cub-swanson-12.jpg(This story appears in today’s edition of USA TODAY.)

Cub Swanson fancies himself the world’s biggest wuss. It’s a point of pride for the 29-year-old UFC featherweight from Palm Springs, Calif.

Swanson’s job might be to beat and choke foes into submission, but that’s a risk he has learned to mitigate over years of training and injuries that benched him at critical times in his MMA career.

Risking his life through sanctioned violence is a reality he has embraced over nine years in the cage. It’s the unsanctioned kind he seeks to avoid.

“I’ve been thinking about it a lot more lately, just because of how many times as a youth you cheat death,” Swanson (19-5 MMA, 4-1 UFC), who meets fellow contender Dennis Siver (21-8 MMA, 10-5 UFC) at UFC 162 in Las Vegas on Saturday, told ( “I feel terrible for what I put my mom through, thinking I was a man and all the stupid decisions I used to make.”

Losing his father to cancer at 3 months old, Swanson and his brothers were shuttled to extended family and foster parents when his mother became addicted to drugs, he said. His father’s cousin raised him in a strict household, taking him to church four times a week. But by the time he was in high school and his mom had gotten sober and retaken custody, Swanson wanted to rebel.

And so the self-described obsessive extremist undid his sheltered life, delving deeply into marijuana, cocaine and alcohol. He survived several shootings, including one in which two men stuck guns over a fence at a party and shot six people.

Then there was the time he and his brother got into a 1967 Mustang with no seat belts — and a driver who was high. Doing 75 mph on a residential street, the intoxicated man drifted onto the center median and rolled the car a half-dozen times.

“At one point, my head and my arm were touching the dirt and pushed me back into the car,” Swanson said. “My brother was in the front seat. The whole side of his roof caved in, and if he would have been in his seat belt, he probably would have gotten his head crushed.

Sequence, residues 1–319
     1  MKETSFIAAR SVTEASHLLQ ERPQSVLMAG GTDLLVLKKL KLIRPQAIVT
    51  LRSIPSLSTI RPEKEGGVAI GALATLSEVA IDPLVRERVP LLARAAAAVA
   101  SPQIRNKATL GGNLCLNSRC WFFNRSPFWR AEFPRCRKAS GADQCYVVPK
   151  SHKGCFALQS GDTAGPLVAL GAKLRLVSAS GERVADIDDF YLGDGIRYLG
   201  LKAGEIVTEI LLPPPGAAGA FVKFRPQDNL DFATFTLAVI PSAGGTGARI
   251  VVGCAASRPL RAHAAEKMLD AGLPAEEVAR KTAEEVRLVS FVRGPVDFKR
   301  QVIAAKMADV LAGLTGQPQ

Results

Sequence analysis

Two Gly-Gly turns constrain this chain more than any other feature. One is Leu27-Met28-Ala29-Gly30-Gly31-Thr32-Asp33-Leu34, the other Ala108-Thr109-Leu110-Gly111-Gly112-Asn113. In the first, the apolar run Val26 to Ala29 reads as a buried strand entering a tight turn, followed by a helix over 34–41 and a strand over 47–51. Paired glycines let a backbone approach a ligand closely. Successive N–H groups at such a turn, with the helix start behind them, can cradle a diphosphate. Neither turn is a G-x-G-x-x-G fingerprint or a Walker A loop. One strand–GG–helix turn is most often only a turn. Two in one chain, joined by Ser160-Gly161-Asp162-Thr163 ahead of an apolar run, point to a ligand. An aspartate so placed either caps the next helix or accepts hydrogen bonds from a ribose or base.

“We just walked away from that laughing, like, ‘Wow, that was crazy.’”

Swanson’s behavior eventually put him in juvenile hall. As reflective as he was impulsive, he decided to find another obsession. That’s when he found jiu-jitsu and later MMA.

Although very successful early in his career, he suffered several broken hands and other injuries in the World Extreme Cagefighting promotion, which eventually was folded into the UFC. His 2011 UFC debut was delayed by a training accident that left him with multiple facial fractures.

But after a debut loss to current contender Ricardo Lamas, Swanson has amassed four UFC wins in a row. His freewheeling style twice has earned him “Fight of the Night” bonuses, and with a win against Siver, he could be up for a title shot.

“I know I could be one win (away),” he said. “But the thing is, I’m just enjoying it.”

Splitting time between Indio, Calif., and Albuquerque, where he trains at the Jackson-Winkeljohn MMA gym, Swanson keeps it simple. He drives an old Nissan 350Z with broken air conditioning.

He spends time coaching up-and-comers at a gym he started in Indio. He sometimes speaks about his past at a local school and at the juvenile hall that once held him.

When he seeks thrills these days, he goes deep-sea fishing or camping.

“Everybody knows what I’m about now,” he said. “All the guys I looked up to as a kid now look up to me.”

For the latest on UFC 162, stay tuned to the UFC Rumors section of the site.

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